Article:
A glowing 2014 for the Israeli film industry
by Daniel Litani
- The sector saw some extremely impressive results last year and is hoping for a repeat performance in 2015
The Israeli film industry can relax for a few moments as it looks back on 2014 as the best year ever for the sector. The 1.6 million tickets sold over the year are proof that Israeli audiences truly put their trust in the country’s films. The figures have come at a time when the industry is struggling to consolidate its record-breaking performance in the hopes that this success will not remain a one-off.
The main reason for this spectacular performance is the fact that the industry proved that it could produce films of the highest quality, featuring subject matter that managed to create a big enough buzz to shift huge numbers of tickets.
Zero Motivation was the leading Israeli film, approaching 590,000 admissions, but in fact, seven films sold more than 100,000 each. Talya Lavie, the director of the movie, explains the success experienced by the film: “First, it has a great cast, and the audience was very much engaged with the characters. Also, I think that the film is very authentic, and people in Israel felt that it was made for them, and not in order to ‘please’ foreign eyes. We have quite a tradition of army films in Israel, but not so much about those pencil pushers, so the film was significant for people who felt that they saw their own reflection on the big screen. I'm happy that so many people could identify with the film, and found it funny and sad at the same time.”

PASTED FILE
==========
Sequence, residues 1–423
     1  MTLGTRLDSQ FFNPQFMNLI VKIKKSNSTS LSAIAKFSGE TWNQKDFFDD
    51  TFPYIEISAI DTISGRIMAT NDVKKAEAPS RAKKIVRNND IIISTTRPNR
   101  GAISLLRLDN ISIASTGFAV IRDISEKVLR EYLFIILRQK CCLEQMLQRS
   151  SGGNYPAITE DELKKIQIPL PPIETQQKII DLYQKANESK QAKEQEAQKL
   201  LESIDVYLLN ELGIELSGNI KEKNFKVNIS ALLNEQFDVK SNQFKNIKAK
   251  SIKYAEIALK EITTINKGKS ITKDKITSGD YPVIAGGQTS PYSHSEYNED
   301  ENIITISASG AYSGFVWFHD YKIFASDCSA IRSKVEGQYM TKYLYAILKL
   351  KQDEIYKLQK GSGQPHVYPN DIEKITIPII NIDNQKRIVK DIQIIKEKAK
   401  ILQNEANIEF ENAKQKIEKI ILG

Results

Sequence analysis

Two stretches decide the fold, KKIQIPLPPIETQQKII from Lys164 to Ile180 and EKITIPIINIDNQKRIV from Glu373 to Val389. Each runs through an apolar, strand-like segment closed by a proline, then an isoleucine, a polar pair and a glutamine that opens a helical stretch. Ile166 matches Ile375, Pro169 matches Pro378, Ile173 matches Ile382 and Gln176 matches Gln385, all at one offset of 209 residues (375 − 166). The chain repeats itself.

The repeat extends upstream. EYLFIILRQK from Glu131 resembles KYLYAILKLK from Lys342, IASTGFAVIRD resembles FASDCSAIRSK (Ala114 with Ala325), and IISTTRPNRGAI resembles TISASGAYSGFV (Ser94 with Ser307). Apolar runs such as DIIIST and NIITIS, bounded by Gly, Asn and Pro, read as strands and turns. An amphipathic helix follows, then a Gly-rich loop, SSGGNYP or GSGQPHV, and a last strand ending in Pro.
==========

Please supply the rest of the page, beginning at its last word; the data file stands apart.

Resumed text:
While in past years the themes of Israeli films were of a serious nature and often focused on topics such as the Israeli-Palestinian conflict, 2014 turned out to be the “year of the comedy”. In addition to Zero Motivation, three other hit films were comedies: Hill Start, Kicking Out Shoshana and The Farewell Party [+see also:
interview: Tal Granit & Sharon Maymon
film profile]. This goes to show that laughter may well be the best remedy to the pressures of war that Israeli audiences have been going through.
The successful year also emphasises the growing role of Israeli women on the local scene. In the past, there have been very few female directors and producers getting themselves noticed within the Israeli film industry; however, Zero Motivation, Gett: The Trial of Viviane Amsalem [+see also:
film profile], The Farewell Party and Orange People were all directed by women, and also had very impressive runs at the international film festivals.
Traditionally, when olive growers in Israel have a good harvest, the following year’s yield falls significantly. However, the film industry in Israel is hoping that 2015 will be just as impressive as 2014 was, but it also understands the complexity of this fragile sector and can only hope for the best.
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